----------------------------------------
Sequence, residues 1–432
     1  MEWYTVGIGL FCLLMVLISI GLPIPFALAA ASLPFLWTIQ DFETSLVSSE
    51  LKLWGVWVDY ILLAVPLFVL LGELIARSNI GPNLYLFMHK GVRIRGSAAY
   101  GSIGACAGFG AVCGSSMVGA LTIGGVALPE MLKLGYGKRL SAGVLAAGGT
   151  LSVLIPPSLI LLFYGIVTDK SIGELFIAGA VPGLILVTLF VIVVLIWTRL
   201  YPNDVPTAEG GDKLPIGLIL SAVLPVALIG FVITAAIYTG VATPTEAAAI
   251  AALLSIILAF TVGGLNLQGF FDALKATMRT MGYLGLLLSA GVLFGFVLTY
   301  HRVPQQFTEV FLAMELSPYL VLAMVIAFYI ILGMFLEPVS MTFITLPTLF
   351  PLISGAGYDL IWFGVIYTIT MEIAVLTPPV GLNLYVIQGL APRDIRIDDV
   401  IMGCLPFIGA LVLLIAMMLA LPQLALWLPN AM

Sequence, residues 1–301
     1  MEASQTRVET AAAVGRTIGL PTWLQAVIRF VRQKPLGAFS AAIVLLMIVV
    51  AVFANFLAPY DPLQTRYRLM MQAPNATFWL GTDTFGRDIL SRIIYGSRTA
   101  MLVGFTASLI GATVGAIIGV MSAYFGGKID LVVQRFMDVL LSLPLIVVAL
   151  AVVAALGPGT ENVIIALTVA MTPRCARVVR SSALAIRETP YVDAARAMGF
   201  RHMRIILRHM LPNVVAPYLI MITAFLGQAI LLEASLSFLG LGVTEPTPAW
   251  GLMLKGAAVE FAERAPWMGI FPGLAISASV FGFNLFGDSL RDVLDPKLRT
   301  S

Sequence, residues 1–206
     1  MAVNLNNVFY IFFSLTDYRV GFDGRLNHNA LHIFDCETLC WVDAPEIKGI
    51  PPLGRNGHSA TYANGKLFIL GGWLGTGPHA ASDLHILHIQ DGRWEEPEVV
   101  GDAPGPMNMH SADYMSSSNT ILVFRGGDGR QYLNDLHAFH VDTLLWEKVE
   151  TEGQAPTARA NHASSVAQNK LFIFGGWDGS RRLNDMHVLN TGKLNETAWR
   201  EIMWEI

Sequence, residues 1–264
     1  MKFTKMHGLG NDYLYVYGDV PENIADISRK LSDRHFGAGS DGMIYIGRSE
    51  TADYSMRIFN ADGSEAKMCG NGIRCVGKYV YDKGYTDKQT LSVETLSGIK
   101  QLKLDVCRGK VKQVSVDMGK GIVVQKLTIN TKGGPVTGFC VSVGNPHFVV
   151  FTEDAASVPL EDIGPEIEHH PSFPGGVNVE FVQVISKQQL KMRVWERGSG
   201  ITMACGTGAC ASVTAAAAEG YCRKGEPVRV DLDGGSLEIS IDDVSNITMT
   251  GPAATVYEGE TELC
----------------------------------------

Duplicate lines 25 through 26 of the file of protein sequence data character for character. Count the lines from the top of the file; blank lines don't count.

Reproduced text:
Sequence, residues 1–264
     1  MKFTKMHGLG NDYLYVYGDV PENIADISRK LSDRHFGAGS DGMIYIGRSE